St. John’s Episcopal Church Memorial

They gathered in Thibodaux as they have in the past, numbering nearly 50.

Their purpose, they said, was to honor dead whose lives included service to the Confederacy during the American Civil War.

“It is a memorial to those who served who are buried at this cemetery, and for those who died at Lafourche Crossing and other battles, and those who are buried in St. Joseph’s Catholic Cemetery,” said Steve Alvarez, a retired Gretna carpenter who is commander of the Sons of Confederate Veterans Lt. J.Y. Sanders Camp, organized at Thibodaux.

The memorial service, held on private property at St. John’s Episcopal Church, was cultural as well as spiritual, as evinced by the Confederate re-enactor uniforms, the presence of several Confederate national and battle flags, and sentiments expressed in speeches and in the prayers themselves.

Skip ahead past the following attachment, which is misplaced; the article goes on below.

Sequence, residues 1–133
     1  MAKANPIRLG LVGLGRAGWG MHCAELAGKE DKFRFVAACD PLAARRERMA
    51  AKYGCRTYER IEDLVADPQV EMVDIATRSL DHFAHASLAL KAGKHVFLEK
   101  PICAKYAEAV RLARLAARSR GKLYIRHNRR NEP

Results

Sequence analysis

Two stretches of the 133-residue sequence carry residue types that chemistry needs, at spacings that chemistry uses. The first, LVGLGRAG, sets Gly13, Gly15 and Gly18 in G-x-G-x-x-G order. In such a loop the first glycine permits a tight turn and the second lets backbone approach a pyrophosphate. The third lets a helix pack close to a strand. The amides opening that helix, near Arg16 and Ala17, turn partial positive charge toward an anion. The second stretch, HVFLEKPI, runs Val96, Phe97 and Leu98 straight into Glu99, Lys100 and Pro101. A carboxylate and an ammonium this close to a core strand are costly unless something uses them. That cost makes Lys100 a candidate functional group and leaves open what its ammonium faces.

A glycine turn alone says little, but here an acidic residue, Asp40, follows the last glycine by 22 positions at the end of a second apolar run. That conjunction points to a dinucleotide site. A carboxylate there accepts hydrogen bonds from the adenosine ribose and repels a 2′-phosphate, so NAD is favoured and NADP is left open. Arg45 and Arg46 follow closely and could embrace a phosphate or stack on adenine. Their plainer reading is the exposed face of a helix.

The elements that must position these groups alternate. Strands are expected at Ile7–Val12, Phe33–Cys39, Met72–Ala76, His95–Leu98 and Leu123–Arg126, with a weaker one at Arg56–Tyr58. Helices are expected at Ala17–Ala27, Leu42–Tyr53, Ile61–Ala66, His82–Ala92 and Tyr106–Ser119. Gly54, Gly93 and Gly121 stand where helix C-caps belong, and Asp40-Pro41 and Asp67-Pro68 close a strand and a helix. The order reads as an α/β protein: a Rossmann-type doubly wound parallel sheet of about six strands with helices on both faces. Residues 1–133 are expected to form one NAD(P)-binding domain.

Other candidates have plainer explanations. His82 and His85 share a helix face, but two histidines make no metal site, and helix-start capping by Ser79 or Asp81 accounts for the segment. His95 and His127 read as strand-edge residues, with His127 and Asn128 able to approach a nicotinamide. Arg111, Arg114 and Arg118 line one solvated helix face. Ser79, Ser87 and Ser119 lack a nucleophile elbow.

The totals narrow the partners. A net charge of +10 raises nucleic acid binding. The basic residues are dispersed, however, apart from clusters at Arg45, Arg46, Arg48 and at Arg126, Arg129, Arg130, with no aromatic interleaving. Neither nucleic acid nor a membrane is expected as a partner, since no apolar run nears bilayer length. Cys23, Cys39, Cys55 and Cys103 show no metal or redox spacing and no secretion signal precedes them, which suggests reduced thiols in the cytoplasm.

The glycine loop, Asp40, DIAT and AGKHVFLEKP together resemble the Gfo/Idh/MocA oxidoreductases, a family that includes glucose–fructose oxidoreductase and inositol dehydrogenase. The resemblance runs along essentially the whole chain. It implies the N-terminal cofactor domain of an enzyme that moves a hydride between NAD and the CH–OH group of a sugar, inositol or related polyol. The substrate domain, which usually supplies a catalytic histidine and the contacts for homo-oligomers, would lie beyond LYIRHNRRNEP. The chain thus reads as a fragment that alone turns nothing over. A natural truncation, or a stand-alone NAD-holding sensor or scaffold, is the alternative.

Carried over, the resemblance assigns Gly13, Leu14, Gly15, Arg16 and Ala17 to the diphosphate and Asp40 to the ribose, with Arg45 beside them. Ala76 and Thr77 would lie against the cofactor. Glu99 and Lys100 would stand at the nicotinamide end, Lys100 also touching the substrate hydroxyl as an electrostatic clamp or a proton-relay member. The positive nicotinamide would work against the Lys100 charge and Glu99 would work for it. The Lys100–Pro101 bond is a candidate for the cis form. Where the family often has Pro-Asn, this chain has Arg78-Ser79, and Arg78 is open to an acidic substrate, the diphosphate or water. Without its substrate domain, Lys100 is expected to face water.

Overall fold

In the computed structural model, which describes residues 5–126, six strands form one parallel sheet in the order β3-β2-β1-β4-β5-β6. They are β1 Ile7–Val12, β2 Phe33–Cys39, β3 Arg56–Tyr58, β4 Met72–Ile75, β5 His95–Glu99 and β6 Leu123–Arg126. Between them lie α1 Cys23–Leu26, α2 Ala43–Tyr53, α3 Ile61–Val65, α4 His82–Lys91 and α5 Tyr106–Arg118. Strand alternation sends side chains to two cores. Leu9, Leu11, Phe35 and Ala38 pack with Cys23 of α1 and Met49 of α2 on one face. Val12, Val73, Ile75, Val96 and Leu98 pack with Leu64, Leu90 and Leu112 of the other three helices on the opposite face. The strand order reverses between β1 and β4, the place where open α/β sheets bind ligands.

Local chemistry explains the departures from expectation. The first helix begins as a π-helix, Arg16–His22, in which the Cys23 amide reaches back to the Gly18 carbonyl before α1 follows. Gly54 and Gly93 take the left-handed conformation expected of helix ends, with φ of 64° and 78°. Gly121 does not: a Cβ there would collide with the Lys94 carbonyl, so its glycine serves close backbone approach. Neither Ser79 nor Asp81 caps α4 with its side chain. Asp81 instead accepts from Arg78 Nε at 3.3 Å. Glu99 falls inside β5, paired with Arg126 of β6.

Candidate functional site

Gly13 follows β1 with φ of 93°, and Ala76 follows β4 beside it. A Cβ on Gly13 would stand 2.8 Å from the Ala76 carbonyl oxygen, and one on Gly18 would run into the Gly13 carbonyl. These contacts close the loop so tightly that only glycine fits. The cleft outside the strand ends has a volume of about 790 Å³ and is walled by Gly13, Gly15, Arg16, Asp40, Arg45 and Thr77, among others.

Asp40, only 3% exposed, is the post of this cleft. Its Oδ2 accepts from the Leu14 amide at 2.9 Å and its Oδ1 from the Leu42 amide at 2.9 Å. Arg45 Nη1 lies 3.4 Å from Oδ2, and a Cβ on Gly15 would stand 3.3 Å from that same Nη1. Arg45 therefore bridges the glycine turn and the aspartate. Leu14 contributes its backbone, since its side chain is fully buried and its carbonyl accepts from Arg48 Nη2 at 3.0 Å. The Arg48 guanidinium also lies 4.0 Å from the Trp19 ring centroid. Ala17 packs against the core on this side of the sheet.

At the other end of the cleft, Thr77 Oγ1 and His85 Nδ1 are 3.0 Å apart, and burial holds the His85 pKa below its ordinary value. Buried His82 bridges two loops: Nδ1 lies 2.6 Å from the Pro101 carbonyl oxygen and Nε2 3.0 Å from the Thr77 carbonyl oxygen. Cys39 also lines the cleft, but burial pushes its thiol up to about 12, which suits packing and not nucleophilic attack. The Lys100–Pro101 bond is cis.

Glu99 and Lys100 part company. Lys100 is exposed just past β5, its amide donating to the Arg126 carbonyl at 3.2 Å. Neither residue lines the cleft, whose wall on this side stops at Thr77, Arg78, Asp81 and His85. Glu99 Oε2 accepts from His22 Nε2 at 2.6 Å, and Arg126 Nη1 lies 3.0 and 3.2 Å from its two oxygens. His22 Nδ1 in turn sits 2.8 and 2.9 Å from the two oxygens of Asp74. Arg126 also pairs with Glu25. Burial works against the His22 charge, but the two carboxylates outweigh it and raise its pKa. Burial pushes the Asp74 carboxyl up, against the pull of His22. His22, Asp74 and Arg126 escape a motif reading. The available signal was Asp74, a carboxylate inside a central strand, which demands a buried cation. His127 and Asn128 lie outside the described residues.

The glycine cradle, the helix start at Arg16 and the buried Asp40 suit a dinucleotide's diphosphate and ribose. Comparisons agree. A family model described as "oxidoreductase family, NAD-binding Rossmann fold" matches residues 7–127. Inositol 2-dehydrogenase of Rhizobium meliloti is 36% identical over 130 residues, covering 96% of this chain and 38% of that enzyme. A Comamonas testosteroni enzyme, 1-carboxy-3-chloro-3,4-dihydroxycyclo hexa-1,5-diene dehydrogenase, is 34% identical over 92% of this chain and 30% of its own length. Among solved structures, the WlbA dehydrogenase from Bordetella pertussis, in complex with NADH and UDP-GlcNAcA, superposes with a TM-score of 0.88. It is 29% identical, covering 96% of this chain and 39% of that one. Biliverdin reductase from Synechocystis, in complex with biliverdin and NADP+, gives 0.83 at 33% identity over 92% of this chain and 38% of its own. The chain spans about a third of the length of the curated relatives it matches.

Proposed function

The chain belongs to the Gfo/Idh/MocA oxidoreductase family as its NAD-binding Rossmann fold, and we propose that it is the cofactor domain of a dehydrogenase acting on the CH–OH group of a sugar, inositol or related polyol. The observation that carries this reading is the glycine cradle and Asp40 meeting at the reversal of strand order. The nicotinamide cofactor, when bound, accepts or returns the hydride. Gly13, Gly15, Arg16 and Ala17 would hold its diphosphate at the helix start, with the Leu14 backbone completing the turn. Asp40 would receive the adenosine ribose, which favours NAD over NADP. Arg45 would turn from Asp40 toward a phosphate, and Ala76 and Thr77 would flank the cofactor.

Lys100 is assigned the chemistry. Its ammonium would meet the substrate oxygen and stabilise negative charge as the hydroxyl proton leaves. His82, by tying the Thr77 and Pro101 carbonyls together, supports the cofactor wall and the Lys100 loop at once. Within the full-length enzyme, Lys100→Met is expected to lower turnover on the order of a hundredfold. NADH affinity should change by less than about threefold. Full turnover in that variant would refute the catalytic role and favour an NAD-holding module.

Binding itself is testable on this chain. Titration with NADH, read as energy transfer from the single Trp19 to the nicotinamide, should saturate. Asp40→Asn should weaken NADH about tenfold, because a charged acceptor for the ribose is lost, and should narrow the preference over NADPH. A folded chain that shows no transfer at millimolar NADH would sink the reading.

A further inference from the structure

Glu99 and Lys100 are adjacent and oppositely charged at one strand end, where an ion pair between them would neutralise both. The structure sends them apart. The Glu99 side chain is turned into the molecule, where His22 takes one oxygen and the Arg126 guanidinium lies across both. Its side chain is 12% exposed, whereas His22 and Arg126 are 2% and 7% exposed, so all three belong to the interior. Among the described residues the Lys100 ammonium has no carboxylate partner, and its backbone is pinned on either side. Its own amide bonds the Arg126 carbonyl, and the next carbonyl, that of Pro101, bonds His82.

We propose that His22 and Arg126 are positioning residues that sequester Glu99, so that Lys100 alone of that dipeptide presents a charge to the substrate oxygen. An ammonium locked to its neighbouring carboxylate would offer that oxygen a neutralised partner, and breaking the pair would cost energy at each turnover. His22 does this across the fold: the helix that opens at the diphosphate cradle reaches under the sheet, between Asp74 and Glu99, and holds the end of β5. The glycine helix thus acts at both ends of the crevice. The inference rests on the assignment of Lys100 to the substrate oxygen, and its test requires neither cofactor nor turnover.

The Rev. Larry Beane of Salem Lutheran Church in Gretna – like St. John’s, a church steeped in history – gave the invocation.

Spoken in Thibodaux, Rev. Beane’s words made clear the position of those present in the new war that has erupted in the nation, in which place names like New Orleans and Charlottesville are significant as Chancellorsville or Gettysburg are to the war fought more than a century and one half ago, whose purpose and outcome are still subjects of debate.